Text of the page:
In her study of key radio dramas broadcast from 1930 to 1943, Lauren Rea analyses the work of leading exponents of the genre against the wider backdrop of nation-building, intellectual movements and popular culture in Argentina. During the period that has come to be known as the infamous decade, radio serials drew on the Argentine literary canon, with writers such as Héctor Pedro Blomberg and José Andrés GonzÃ¡lez Pulido contributing to the nation-building project as they reinterpreted nineteenth-century Argentina and repackaged it for a 1930s mass audience. Thus, a historical romance set in the tumultuous dictatorship of Juan Manuel de Rosas reveals the conflict between the message transmitted to a mass audience through popular radio drama and the work of historical revisionist intellectuals writing in the 1930s. Transmitted at the same time, GonzÃ¡lez Pulido’s gauchesque series evokes powerful notions of Argentine national identity as it explores the relationship of the gaucho with Argentina’s immigrant population and advocates for the ideal contribution of women and the immigrant population to Argentine nationhood. Rea grounds her study in archival work undertaken at the library of Argentores in Buenos Aires, which holds the only surviving collection of scripts of radio serials from the period. Rea’s book recovers the contribution that these products of popular culture made to the nation-building project as they helped to shape and promote the understanding of Argentine history and cultural identity that is widely held today.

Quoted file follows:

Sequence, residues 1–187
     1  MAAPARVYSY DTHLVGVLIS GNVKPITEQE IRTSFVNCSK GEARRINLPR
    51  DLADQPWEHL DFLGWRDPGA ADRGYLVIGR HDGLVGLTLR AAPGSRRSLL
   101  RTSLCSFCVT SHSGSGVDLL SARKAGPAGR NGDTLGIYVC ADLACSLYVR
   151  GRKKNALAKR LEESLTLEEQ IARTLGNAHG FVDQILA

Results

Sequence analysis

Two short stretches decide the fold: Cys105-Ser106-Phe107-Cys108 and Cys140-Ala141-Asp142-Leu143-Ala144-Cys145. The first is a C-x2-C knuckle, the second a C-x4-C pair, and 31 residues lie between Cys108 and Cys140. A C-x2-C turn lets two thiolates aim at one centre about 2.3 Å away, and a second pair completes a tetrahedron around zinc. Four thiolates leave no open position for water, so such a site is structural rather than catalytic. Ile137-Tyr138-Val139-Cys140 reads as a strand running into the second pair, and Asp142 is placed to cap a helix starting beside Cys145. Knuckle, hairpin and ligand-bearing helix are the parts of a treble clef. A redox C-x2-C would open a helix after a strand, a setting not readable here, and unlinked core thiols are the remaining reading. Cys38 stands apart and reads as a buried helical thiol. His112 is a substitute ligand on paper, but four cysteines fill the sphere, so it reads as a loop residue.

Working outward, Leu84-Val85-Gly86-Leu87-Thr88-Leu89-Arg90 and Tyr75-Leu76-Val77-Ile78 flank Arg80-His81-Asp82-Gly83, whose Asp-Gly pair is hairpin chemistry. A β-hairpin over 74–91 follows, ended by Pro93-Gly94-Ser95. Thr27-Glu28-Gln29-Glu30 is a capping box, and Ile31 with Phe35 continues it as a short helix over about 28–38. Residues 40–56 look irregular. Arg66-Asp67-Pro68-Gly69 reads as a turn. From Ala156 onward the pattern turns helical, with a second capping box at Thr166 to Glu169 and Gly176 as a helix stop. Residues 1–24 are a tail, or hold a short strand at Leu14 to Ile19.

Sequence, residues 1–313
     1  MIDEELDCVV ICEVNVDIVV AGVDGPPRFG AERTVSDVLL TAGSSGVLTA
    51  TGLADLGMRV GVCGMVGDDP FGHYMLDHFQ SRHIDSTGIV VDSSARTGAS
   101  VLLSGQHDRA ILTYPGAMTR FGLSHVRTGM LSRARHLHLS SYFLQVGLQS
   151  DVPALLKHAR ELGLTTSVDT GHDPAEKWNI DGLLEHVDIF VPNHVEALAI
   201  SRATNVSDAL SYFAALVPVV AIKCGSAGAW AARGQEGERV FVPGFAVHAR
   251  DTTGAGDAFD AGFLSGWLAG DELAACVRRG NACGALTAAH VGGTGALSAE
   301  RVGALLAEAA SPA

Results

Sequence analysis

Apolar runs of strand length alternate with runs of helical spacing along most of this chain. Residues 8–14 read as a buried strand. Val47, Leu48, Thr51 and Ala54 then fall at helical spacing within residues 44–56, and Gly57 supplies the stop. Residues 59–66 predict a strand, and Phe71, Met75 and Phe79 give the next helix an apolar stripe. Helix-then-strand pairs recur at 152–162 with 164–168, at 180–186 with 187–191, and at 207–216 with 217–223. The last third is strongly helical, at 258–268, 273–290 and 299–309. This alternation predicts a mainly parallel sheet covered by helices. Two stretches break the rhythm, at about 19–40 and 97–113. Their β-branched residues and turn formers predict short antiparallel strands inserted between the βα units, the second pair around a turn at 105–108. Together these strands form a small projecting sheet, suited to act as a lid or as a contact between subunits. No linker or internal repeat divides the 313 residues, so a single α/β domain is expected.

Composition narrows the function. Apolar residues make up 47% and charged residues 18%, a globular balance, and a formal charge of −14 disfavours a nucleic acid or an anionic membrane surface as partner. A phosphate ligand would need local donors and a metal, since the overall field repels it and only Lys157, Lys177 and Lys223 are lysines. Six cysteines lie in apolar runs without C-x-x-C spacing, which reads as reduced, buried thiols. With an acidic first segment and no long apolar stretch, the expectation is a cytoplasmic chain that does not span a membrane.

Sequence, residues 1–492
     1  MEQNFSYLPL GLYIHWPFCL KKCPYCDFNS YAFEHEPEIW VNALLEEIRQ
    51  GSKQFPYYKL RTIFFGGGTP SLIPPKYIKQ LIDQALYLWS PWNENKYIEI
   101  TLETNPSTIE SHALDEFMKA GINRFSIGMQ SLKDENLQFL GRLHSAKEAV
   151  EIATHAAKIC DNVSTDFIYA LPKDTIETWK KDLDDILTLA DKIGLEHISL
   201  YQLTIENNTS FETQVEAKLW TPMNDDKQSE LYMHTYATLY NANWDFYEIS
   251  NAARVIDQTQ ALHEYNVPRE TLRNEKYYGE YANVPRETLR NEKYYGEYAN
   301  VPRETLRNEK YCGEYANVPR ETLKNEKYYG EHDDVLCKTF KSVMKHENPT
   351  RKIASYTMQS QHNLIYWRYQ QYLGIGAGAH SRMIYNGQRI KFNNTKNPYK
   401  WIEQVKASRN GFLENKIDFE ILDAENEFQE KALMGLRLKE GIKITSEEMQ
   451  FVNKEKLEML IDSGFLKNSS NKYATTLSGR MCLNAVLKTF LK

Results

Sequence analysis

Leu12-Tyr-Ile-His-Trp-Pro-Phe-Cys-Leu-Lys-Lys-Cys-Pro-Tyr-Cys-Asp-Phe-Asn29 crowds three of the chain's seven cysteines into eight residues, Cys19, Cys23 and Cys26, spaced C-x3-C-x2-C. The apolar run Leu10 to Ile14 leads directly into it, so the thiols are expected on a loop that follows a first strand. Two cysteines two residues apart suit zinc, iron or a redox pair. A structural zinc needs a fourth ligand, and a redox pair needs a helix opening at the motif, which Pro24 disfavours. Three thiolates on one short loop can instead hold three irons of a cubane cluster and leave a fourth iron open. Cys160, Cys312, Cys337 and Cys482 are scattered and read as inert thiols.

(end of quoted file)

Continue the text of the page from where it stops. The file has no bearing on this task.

’Lauren Rea’s discussion of three sets of radio serials offers an original and convincing perspective from which to review Argentina’s nation-building programme. Intelligently conceived and cogently argued, this is a work of the highest merit.' Evelyn Fishburn, University College London, UK 'This book significantly deepens our understanding of the way radio intersected with its local environment ... Argentine Serialised Radio Drama is a well-crafted, engaging, and valuable contribution to Latin American radio history ...' Hispanic American Historical Review 'Lauren Rea ... subjects the three sets of texts to a narrative analysis that reaches back into time and deep into the nineteenth century. By means of a close reading of the scripts themselves and the literary and wider cultural traditions that informed them, she seeks to show that these programmes engaged in a long-standing and intricate debate about Argentine nationhood.' Journal of Latin American Studies 'Rea's work is a model of intelligent cultural studies and represents well the potential of Ashgate's recently inaugurated series on New Hispanisms: Cultural and Literary Studies.' Bulletin of Spanish Studies